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NEW YORK (TheStreet) -- The markets are always thinking five steps ahead, even if those steps are all wrong, Jim Cramer told his Mad Money TV show viewers Wednesday. Cramer said there are five groups of investors fighting over the direction of the markets, making for a confusing jumble of cross-currents.
The first group believes the U.S. economy is strong and only getting stronger, Cramer said. This group is buying anything tied to the economy and is only concerned over the stronger dollar.
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The second group believes the U.S. economy has hit its peak and is expecting the Federal Reserve to begin raising interest rates any moment to spoil the party.
Cramer said the third faction are people like him, people who care about individual companies and their earnings. This group buys what's working and has piled into the biotechs, social media stocks and cloud companies as positive earnings came to light.
Meanwhile, the fourth group is focused on the geopolitical and how sanctions against Russia will hurt the industrials and the oils. This group is selling on a regular basis.
The final group is enticed by rumors and special situations. This group is buying what the activist investors are buying and are looking for the next possible takeover target in companies like Yelp (YELP).
All together, these groups are fighting one another, Cramer concluded, which is why the averages barely budged in today's session.
Executive Decision: Tom Quinlan
For his "Executive Decision" segment, Cramer spoke with Tom Quinlan, president and CEO of R.R. Donnelley & Sons (RRD), the commercial printing and communications company that just delivered an earnings beat of 7 cents a share while reaffirming full-year guidance. Shares of Donnelley are up 40% since Cramer first recommended the company 13 months ago.
Quinlan explained that while commercial printing will always be at the core of its business, Donnelley helps companies provide a connected experience for their customers whether it's in print or digital.
Quinlan also talked about his company's shareholder-friendly nature, pointing out both the sizable dividend and share repurchase programs.
Cramer said there's clearly a disconnect between all of the exciting things Donnelley is working on and the share price. He continues to recommend the stock.
Why Panera Bread Isn't Toast
Did the markets convict the wrong stock? That's sure what it felt like after Buffalo Wild Wings (BWLD) posted a flawless quarter, only to see its shares fall 13%, while Panera Bread (PNRA) missed on both the top and bottom lines but saw its shares rally 3.5%.
This may seem like an apparent injustice, Cramer explained, but not if you look at where these stocks were coming from and what investors were expecting.
Shares of Wild Wings were already up 45% for the year and rallied from $150 to $167 a share going into the quarter, said Cramer. When the company delivered what was expected of it, investors locked in their gains.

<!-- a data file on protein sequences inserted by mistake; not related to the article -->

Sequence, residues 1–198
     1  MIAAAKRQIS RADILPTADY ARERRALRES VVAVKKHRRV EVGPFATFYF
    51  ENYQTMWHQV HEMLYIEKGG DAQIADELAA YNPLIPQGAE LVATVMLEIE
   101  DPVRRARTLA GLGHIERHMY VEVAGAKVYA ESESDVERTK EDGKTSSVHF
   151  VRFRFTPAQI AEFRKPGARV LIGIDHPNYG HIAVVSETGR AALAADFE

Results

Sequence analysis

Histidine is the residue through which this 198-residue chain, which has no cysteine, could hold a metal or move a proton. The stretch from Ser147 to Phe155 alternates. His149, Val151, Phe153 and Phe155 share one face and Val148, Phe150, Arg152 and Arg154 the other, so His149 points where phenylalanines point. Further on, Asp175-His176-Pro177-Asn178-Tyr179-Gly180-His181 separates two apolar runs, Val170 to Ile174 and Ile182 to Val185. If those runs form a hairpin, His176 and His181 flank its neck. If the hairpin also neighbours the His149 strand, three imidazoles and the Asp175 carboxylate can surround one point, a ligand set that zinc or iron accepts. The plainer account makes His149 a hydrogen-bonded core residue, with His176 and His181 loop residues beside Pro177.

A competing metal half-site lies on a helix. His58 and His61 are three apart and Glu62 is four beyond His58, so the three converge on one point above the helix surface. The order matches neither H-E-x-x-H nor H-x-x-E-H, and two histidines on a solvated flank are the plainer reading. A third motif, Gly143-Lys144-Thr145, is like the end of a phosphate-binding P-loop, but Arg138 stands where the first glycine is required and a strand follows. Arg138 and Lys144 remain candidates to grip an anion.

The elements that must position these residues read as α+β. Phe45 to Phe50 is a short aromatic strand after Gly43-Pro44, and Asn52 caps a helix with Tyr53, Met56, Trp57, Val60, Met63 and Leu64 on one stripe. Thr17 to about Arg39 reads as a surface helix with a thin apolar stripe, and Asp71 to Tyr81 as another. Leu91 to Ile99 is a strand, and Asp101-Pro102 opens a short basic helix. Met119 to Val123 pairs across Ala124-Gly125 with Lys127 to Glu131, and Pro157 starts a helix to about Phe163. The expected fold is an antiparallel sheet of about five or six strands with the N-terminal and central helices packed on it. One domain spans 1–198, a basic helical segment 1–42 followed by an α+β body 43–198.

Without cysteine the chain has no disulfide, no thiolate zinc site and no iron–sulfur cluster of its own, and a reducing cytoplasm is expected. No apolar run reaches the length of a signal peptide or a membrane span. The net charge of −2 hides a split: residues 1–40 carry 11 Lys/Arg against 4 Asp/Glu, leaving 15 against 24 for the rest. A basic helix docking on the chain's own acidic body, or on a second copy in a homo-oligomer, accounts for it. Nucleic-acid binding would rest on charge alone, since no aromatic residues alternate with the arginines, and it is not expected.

But shares of Panera were down 17% in 2014 and going into the quarter the stock was at a new 52-week low. Thus when the company showed its first growth in nearly six quarters, the short-sellers were caught off guard and needed to cover in a hurry.
Cramer said Panera has a lot of positive things to say in its conference call, including its willingness to take down debt in order to accelerate their Panera 2.0 initiatives which have shown terrific results in their testing.
Using this prism, Cramer said the markets' actions were totally rational.
Executive Decision: Thomas McInerney
In his second "Executive Decision" segment, Cramer spoke with Thomas McInerney, president and CEO of Genworth Financial (GNW), the insurance provider whose shares fell sharply, down 14%, after the company reported a 4-cents-a-share earnings miss, primarily from its long-term care insurance division.
McInerney said there's no doubt that Genworth is losing money on some of its older long-term care policies as the cost of healthcare has risen sharply. However, he noted that over 30 states have approved premium increases to help offset these costs going forward.
When asked about concerns over the company's reserves, McInerney said Genworth's margins and reserves are often confused. He said the margins, the amount of future premiums the company expects to bring in, is in excess of $4 billion, which is very good. Reserves, the net present value of the claims then expect to pay, is current five timesclaims.
When asked about new regulations on insurers, McInerney said he feels the government has the right to ask insurers to boost their reserves and Genwroth is working with regulators to make sure they can easily comply with any new requirements .
Cramer remains upbeat on Genworth's outlook.
In the Lightning Round, Cramer was bullish on GT Advanced Technologies (GTAT), Integrated Device Technology (IDTI), EMC (EMC), Pitney Bowes (PBI), SeaDrill Limited (SDRL), Thermo Fisher Scientific (TMO), Regeneron Pharmaceuticals (REGN), Celgene (CELG), DexCom (DXCM) and Priceline Group (PCLN).
Am I Diversified?
In the "Am I Diversified?" segment, Cramer spoke with callers and responded to tweets sent via Twitter to @JimCramer to see if investors' portfolios have what it takes for today's markets.
The first portfolio included Clorox (CLX), Northrop Grumman (NOC), Healthcare REIT (HCN), Duke (DUK) and ConocoPhillips (COP).
Cramer blessed this portfolio as properly diversified.
Cramer said this portfolio was "perfect."
Cramer also blessed this portfolio as "perfectly diversified."
To watch replays of Cramer's video segments, visit the Mad Money page on CNBC.
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-- Written by Scott Rutt in Washington, D.C.
To email Scott about this article, click here: Scott Rutt